Creating a digital marketing plan for your dental office is key to your success in marketing your practice online. Step 1 is to set a goal. You can think about your marketing campaign as a meeting with your team at your office. If you gather everyone together and open your mouth, your meeting will go well if you have a point to the meeting. You need to know what you want the meeting to accomplish and that’s the equivalent of having a goal for your dental digital marketing plan. Sticking with that analogy: how do you know if your message got through to the team一that they understood the instructions and are implementing the directions that you gave them? You have to track your results. You have to measure specific actions and outcomes in order to know if your digital marketing is accomplishing its goal.

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Step 2 in a Dentist’s Digital Marketing Plan: What do You Measure?

The father of management thinking, Peter Drucker, famously said, “What gets measured, gets improved.” A successful dental digital marketing campaign looks at a number of metrics:

  1. Reach / Impressions
  2. Clicks
  3. Traffic on the website
  4. Conversions (phone calls, emails, virtual consultation requests, messages on social media or chat)
  5. Geographic sources of the four above metrics
  6. Reviews and reputation score

These metrics will help you understand what is going on with your marketing. When looking at each of these data points, you should ask yourself a number of questions.

1. Do I understand what I’m looking at?

It’s important to ask questions. Don’t settle for a bunch of jargon that makes no sense to you.

2. Do the numbers represent the type of metric that is important to me?

For example, if you are looking at the number of impressions your campaign achieves, you’re looking at how many people saw an ad, post, or some other kind of listing for your practice. Are these impressions being generated by the right piece of content? Does the content look right? What if you have 1,000 people see a listing of your practice and half saw a beautiful ad for your practice and the other half saw your privacy practices form. Which half would be more likely to turn into a phone call to your office? The ad is designed for a great experience, so of 1,000 impressions in this example, only 500 are helpful.

3. Do I have a large enough sample size to make any valuable conclusions?

We usually recommend looking at data over a period of at least 3 months. You usually want to compare year over year data, in addition, to look for a trend across 3 or 4 months. You may see that certain peaks and valleys recur, pointing to seasonal trends rather than a problem with your campaign. Never make decisions based on weekly developments in numbers. They will almost always be poor decisions.

4. Is there a trend to be seen and should I do something about it?

When you look at the data over long stretches of time, you’ll see that the numbers will naturally rise and fall. Ideally, you will see an overall upward trend in the data. If you do, it means that you’re on the right track. If not, you may have a problem. In either case, before you do anything to modify the campaign, look for ways to cross-reference the data. You may find that the perceived trend is easily explained by looking at data that reveals an outside influence such as a shift in spending on the campaign’s ad budget or changes in economic conditions.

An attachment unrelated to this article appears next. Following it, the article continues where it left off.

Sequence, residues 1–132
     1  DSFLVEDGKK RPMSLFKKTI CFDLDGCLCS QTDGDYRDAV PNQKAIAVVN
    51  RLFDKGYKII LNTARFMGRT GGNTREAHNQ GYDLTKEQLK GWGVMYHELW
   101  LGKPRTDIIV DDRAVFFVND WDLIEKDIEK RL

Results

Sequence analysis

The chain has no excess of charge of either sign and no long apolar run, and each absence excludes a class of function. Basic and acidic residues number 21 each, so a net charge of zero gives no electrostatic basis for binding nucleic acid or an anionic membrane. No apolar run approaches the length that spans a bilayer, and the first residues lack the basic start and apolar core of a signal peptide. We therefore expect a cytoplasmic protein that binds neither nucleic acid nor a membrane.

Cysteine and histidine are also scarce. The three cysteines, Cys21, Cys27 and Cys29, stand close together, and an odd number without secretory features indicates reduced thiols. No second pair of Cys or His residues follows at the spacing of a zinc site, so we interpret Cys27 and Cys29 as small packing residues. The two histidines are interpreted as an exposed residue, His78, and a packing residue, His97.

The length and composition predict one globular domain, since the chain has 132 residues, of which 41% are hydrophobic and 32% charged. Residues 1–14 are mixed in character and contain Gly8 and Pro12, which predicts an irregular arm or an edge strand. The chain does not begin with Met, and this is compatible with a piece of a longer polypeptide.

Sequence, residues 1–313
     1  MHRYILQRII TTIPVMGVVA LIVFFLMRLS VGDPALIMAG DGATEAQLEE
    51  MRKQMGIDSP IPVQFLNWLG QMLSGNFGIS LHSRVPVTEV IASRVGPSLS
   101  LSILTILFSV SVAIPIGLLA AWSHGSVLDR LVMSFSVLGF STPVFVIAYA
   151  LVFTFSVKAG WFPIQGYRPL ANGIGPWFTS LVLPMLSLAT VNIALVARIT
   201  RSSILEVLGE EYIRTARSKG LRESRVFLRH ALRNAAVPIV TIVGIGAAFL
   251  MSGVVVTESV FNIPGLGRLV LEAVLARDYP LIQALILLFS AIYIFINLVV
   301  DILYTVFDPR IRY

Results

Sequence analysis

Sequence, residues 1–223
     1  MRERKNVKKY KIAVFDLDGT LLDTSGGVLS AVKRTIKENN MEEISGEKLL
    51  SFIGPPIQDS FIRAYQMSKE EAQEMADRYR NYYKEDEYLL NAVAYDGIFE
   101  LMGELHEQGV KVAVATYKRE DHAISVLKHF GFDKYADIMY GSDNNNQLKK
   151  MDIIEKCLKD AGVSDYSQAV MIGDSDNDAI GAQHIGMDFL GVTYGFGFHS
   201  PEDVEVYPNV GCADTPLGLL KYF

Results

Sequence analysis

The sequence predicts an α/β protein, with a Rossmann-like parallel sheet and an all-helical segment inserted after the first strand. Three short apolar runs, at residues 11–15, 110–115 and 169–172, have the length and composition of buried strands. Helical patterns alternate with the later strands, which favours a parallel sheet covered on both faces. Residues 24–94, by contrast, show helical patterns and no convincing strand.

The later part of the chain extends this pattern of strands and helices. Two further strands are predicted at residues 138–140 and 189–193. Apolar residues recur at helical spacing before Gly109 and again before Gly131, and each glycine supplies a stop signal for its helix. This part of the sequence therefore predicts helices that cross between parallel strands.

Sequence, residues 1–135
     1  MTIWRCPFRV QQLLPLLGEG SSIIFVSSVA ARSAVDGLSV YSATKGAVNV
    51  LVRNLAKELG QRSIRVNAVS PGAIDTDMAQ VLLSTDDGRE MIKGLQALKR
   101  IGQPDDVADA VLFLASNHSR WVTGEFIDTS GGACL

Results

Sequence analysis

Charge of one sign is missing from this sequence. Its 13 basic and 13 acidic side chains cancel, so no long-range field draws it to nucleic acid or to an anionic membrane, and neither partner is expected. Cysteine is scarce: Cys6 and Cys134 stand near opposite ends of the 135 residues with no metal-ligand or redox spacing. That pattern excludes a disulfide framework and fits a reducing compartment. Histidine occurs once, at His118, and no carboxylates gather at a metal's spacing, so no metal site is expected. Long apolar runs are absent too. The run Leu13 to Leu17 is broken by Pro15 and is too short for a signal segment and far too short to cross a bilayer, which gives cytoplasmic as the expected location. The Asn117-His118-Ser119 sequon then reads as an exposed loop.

For example, you may see your website traffic go down over a period of three months and think, “What’s going on?” You then look at your click numbers from your Google Ads and see that those are down too. “Uh oh!” you think, “I may have a problem here.” Then you look at your spend and it’s down too and look at the calendar and see that it’s late December and realize that people are probably not searching for dental care as much during November and December. You’d still want to talk with your account manager who oversees your ad campaign but if people are online less, you’ll naturally see a reduction in clicks and spending from a paid search campaign.

5. If action is necessary, what do I do next?

Is there something that you can do more or less to affect the trend in front of you? Is spending more money on the campaign likely to fix the issue or just give you more of a result that you’re not happy with? Sometimes the campaign is doing exactly what it’s designed to do but the design is faulty and not the management. In those cases, you probably need to go back to Step 1 and clarify the goal of the campaign with your account manager. If your account manager disagrees with the goal, you may want to get a second opinion on your dental digital marketing plan.

A Web of Tactics and Metrics Makes for a Successful Dental Digital Marketing Plan

Measuring and interpreting analytical data from a complicated digital marketing campaign is not a simple task. It’s an ongoing process of learning, making changes, and learning again. It’s complicated by design and trying to oversimplify it is a mistake. A digital marketing plan should be multifaceted in the same way that a spider’s web is usually more than a couple of threads. A fly may be caught by just a few threads but without the other threads that form the larger web, the web would fail to catch anything. We have to learn how the components of marketing work together. That just requires time, expertise, and the right tools. We’ll talk about tools in Step 3 of this series about how to create a dental digital marketing plan that gets results.

If you need help measuring and interpreting your digital marketing plan’s results, schedule a consultation with one of our marketing experts. We’ll help you evaluate things and let you know if it’s working or not. Truthfully, if you’re getting good results, we will tell you to stick with your current plan and provider. The last thing we want to do is be the guy who screws up a good thing! :)